Diving day 7 - Chen (CHN) revalidates 10m title; Australia shines with new star

London 2012 Diving

The seventh final of the diving programme at these Games, the women's 10m platform, was not very thrilling in terms of the gold medal outcome but was amazingly interesting if we consider the minor medals. 2008 Olympic and 2011 world champion Ruolin Chen (CHN) calmly displayed her supremacy during the decisive stage of the competition, capturing gold with a total 422.30. This Chinese success came after a hiccup in the men's 3m springboard, where Russia's Ilya Zakharov earned the only non-Chinese gold so far in the diving competition (the last event on the programme being the men's 10m platform – final to be held on August 11). Chen reconfirmed the Chinese pride in this discipline, delivering a flawless programme, which allowed her to dominate the final from the very first dive. It is the fourth Olympic gold for Chen, after her 2008 and 2012 successes (in the individual and synchro 10m platform).

"I feel honoured to win one more gold medal for the Chinese team. I just hope China can get more gold! The more, the better. I still don't know how I'll celebrate this!" said a delighted Chen. Asked about what she has seen during these Games, she confessed: "While competing, I don't pay any attention to what others are doing, but before the diving events I watched the performances of Sun Yang in the pool and I loved it!"

For silver, the world of diving discovered a new star, Australia's Brittany Broben, 16 years old, scoring a total 366.50. Broben had already given good indications in both the preliminaries (fourth) and the semi-finals (third) of this event and despite a less successful fourth dive (back 3 ½ somersault, tuck, DD 3.3), she was quite regular in the four remaining attempts. Second at the Australian Olympic Trials – behind the second Australian in the final, Melissa Wu (fourth here in London) -, Broben started diving at the age of 11, inspired and "pushed" by the previous Australian individual female medallist at the Games, Chantelle Newbery (winner in the 10m platform in Athens 2004). Her first appearance at the highest level was at the 2011 FINA World Championships, where she took a discreet 11th in the 1m springboard (a non-Olympic event).

"She [Chen] deserves the gold. I just want to congratulate her, she is a great diver," stated Broben. While explaining her training routine – "I must get up every day at 4:30 in the morning and then spend more than 18 hours away from home, combining school and practice" -, the 16-year-old (she will be 17 in November) revealed: "But all this was worth this medal. I gave my best today, but I knew that Chen would be hard to beat. Besides her, the differences between all the others were not so big, so I just kept focused." Recalling her debut in diving, she proudly explained: "I started about five years ago, and Chantelle has been with me from the beginning, always believing in my capacities. She must be at home jumping in excitement for me!"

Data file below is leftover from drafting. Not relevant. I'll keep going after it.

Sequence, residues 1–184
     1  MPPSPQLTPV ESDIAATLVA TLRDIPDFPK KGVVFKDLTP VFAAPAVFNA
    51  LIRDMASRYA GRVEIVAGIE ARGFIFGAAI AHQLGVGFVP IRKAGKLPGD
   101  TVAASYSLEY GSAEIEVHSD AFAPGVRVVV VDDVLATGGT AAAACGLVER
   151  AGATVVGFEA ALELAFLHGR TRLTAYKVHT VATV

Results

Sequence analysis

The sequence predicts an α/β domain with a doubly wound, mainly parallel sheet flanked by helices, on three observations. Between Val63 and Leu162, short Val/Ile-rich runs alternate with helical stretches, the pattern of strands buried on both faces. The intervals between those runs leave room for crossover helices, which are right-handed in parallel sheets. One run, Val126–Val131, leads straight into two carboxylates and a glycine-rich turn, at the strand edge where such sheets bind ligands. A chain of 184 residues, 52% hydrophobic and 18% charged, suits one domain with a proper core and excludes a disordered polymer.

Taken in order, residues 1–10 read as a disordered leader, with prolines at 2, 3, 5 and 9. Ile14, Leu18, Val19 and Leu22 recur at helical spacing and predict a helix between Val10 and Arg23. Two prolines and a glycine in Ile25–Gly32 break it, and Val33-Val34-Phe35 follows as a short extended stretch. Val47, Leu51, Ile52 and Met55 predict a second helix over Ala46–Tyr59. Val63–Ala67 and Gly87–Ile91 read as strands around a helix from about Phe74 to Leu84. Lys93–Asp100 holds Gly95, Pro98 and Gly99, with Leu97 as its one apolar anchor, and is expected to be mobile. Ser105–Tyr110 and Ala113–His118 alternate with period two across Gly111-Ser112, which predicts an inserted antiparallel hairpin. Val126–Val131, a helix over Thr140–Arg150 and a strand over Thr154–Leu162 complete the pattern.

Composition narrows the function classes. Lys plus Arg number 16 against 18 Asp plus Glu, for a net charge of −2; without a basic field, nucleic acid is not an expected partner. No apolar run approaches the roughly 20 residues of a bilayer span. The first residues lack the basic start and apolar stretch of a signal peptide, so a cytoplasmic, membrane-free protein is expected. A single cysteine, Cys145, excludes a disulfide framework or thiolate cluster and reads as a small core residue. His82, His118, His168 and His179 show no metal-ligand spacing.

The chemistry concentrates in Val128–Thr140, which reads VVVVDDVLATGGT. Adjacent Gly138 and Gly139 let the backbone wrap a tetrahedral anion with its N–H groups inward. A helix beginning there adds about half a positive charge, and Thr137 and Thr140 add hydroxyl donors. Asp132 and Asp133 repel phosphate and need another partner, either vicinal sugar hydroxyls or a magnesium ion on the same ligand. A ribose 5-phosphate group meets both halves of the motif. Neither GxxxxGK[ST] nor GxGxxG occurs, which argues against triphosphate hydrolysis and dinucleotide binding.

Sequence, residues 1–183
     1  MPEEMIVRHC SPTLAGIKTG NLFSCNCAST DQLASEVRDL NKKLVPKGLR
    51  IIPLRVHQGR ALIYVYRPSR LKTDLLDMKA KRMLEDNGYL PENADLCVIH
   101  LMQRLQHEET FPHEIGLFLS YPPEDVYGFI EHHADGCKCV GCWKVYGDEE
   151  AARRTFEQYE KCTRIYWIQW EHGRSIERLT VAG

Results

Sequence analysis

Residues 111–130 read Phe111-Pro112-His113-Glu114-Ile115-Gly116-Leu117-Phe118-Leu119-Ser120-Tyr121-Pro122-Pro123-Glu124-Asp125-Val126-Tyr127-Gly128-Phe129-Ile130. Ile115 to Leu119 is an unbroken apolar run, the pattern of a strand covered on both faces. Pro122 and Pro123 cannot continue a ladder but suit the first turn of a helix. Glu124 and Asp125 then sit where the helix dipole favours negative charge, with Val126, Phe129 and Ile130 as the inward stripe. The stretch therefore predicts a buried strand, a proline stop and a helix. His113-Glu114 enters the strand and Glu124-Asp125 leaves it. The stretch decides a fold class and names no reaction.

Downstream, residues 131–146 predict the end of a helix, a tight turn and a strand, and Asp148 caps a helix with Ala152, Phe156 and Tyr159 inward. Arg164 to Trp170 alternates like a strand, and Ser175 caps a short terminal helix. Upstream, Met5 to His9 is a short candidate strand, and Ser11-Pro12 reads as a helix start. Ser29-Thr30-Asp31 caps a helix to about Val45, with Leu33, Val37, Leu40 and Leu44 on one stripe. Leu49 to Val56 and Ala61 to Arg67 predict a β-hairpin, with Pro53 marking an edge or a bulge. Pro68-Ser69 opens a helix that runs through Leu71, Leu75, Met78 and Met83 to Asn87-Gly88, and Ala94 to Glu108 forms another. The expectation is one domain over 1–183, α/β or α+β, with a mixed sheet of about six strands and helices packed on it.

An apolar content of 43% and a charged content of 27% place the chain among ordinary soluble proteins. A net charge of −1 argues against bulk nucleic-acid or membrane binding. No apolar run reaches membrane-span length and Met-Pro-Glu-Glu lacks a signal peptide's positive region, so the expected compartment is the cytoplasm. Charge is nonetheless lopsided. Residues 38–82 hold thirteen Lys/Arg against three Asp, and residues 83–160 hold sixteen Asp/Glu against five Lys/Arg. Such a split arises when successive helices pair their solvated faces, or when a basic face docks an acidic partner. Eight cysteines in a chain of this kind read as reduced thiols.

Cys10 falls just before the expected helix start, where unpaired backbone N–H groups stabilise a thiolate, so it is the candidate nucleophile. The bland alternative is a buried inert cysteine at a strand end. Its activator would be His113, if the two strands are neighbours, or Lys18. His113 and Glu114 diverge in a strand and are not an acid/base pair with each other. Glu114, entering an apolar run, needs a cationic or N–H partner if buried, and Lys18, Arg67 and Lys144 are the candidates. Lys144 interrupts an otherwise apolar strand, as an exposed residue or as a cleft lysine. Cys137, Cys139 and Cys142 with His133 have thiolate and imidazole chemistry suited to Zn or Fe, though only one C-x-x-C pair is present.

The bronze (359.20) went to Pandelela Rinong Pamg from Malaysia, the first-ever medal in Aquatics for this Asian country at the Games! Until now, Malaysian athletes had been successful only in badminton at Olympic level (five medals), so Pamg's success opens a bright new chapter in this nation's sports history books. Born in 1993, the Malaysian star was already known at world level, obtaining a bronze medal at the 2009 FINA World Championships in the 10m platform synchro event in Rome – the first award then for her country at FINA's major events (all disciplines included). In the two years leading up to these Games, Pamg was not so brilliant, taking 5th at the 2011 Worlds in the 10m platform.

"I definitively feel very proud. Winning a medal in a World Championships was already quite an achievement, but this Olympic bronze is just unbelievable! In Malaysia, the qualification for the final was already a great goal, so this medal was a surprise even for me," declared Pamg. On the future and on the importance of this award for the development of diving (and sport in general) in her country: "Diving is not a very popular discipline back home; people pay more attention to other sports, such as badminton or cycling. I hope that this medal can inspire the youth in my country for this spectacular discipline," she concluded. 

Broben, like Pamg, did not produce the most difficult programme of the final (total DD of 15.6 and 15.5, respectively) but performed more consistently than other confirmed stars, such as Paola Espinosa (MEX, 2009 world champion in this event), whose programme had an accumulated DD of 16.0. She badly missed her reverse 3 ½ somersault, tuck (DD 3.3), concluding in sixth – better than her 13th position in the heats and 11th in the semis. Canada's Roseline Filion and Meaghan Benfeito (second in the semis) also had a total 16.0 DD but many mistakes from both divers dictated the 10th place for Filion and the 11th for Benfeito. The biggest deception of the final was perhaps the second Chinese qualified – Yadan Hu, silver medallist at home at last year's Worlds and the youngest of the final -, who missed her first two dives and finished in ninth. 

In Olympic history, the women's 10m platform has been dominated by China since the first success in 1984, with the exception of the 2000 Sydney Games, where Laura Wilkinson (USA) picked up gold and Newbery's above-mentioned title in 2004. 

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credit: Giorgio Scala